Placentia-Yorba Linda School Board Election: What We Know So Far
The latest election results can be viewed here. This story will be updated when NPR or the Associated Press have made calls on the results. When a race is called, it is not a projection. As AP notes, such a call is only made "when AP is fully confident a race has been won — defined most simply as the moment a trailing candidate no longer has a path to victory."
More Election Results
City of Los Angeles
- Mayor | City Controller |City Council
- Measures: LH (how-income housing)| SP (parcel tax for parks)|ULA (aka "mansion tax")
Two seats are up for grabs in the Placentia-Yorba Linda Unified School District, in north Orange County, in an election that epitomizes national battles over how, and how much, issues of race and gender identity should be taught in public schools.
The two races pit long-time, moderate incumbents against conservative, political newbies from the self-styled parental rights movement. These challengers are promising to keep controversial subjects, including critical race theory and LGBTQ+ rights, out of classrooms, and to give parents more say on what gets taught.
Politics have played a big role in recent decisions by the Placentia-Yorba Linda school board, even though board seats are officially nonpartisan. The board already has a conservative majority that voted earlier this year to ban critical race theory. As a result of the ban, California State University Fullerton decided to stop sending student teachers to the district.
Some parents and educators worry that an even more conservative board could lead to book bans, teacher surveillance and a school climate that marginalizes vulnerable students. On the other side, supporters of the parental rights movement say some teachers are indoctrinating students with liberal ideology, and that students would be better served by sticking to traditional academics.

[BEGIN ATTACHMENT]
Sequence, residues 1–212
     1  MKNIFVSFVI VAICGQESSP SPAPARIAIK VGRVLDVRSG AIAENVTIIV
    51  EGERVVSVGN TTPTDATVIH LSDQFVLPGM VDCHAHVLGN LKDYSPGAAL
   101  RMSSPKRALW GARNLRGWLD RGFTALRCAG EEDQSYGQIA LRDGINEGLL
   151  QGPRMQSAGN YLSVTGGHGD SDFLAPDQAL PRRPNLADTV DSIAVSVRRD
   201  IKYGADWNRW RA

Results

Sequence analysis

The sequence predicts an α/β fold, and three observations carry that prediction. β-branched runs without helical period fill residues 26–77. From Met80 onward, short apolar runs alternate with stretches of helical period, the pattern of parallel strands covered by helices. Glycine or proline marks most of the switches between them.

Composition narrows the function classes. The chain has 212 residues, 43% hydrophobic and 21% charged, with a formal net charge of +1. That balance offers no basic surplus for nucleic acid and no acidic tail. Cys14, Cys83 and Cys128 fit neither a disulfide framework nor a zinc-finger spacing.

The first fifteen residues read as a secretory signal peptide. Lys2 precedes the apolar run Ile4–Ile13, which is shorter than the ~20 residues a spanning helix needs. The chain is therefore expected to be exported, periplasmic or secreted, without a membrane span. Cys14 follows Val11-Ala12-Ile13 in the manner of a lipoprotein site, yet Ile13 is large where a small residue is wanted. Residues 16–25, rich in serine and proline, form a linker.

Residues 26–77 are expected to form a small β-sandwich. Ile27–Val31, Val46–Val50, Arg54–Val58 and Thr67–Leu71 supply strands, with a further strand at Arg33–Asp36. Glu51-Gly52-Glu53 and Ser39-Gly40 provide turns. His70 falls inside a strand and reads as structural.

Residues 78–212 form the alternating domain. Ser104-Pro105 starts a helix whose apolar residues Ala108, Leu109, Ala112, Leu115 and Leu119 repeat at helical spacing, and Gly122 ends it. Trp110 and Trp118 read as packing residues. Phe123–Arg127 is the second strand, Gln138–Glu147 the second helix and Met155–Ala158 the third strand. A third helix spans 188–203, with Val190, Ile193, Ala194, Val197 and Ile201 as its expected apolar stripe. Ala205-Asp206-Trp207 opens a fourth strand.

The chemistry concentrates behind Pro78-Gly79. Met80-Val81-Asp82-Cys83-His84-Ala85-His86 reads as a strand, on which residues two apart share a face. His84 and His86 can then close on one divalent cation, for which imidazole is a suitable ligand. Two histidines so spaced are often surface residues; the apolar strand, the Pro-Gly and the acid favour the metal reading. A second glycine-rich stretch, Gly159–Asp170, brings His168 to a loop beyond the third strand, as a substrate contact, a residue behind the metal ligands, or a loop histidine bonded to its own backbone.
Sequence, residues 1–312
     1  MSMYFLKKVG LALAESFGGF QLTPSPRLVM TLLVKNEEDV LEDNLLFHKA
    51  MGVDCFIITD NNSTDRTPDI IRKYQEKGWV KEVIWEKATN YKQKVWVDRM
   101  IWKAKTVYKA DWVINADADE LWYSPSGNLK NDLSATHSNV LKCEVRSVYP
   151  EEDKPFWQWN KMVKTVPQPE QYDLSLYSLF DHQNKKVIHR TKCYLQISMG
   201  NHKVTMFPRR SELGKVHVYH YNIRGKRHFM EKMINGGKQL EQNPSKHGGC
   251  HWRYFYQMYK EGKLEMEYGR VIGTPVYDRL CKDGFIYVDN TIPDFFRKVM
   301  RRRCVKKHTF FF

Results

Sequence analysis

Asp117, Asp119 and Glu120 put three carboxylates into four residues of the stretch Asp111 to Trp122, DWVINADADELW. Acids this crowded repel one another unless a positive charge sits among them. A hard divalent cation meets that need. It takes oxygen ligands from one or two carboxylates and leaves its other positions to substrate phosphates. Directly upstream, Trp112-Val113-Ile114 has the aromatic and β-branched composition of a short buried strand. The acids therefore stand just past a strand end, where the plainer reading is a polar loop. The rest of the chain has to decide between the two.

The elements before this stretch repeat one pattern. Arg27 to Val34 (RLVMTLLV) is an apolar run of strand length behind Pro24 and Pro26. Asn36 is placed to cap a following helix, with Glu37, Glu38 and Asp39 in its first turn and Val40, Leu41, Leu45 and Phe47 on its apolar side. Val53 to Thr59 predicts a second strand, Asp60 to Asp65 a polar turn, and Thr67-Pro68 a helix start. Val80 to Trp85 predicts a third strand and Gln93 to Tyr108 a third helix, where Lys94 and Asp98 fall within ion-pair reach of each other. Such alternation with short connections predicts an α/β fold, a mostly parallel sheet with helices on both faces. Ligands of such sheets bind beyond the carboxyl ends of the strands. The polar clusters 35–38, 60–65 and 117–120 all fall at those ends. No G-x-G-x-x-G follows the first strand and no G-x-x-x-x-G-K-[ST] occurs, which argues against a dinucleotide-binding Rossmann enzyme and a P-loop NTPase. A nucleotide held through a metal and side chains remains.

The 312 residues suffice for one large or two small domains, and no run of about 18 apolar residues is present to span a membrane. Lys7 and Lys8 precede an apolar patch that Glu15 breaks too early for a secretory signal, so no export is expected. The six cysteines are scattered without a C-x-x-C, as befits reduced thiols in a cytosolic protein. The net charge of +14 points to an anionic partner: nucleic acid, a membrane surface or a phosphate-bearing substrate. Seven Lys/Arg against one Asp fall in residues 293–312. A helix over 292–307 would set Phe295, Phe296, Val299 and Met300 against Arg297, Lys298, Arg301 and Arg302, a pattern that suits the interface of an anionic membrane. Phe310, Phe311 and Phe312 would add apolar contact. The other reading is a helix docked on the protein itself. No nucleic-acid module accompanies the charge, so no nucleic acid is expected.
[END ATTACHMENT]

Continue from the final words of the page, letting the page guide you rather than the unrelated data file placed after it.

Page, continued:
Read more about the candidates and the issues here.
About The Candidates
You can read more about the election here.
A Note On The Results
Keep in mind that in tight races particularly, the winner may not be determined for days or weeks after Election Day. In L.A. County, the first batch of results released includes vote by mail ballots received before Election Day, followed by early votes cast at vote centers before Election Day, then votes cast in-person on Election Day. This process is expected to wrap up in the early hours of Nov. 9. Then, additional results will be released following a schedule you can see on the county's site. In California, ballots postmarked on or before Nov. 8 are counted toward the results as long as they arrive within seven days of the election. Results must be certified by county election officials by Dec. 8.
Tracking your ballot
You can track the status of your ballot:
If your mail-in ballot is rejected for any reason (like a missing or mismatched signature), your county registrar must contact you to give you a chance to fix it. In Orange County, the registrar will send you a notification by mail and you have until Nov. 22 to reply and "cure" your ballot.
How We're Covering This Election
Early voters and mail-in ballots have fundamentally reshaped how votes are counted and when election results are known.
Our priority will be sharing outcomes and election calls only when they have been thoroughly checked and vetted. To that end, we will rely on NPR and The Associated Press for race calls. We will not report the calls or projections of other news outlets. You can find more on NPR and The AP's process for counting votes and calling races here, here and here.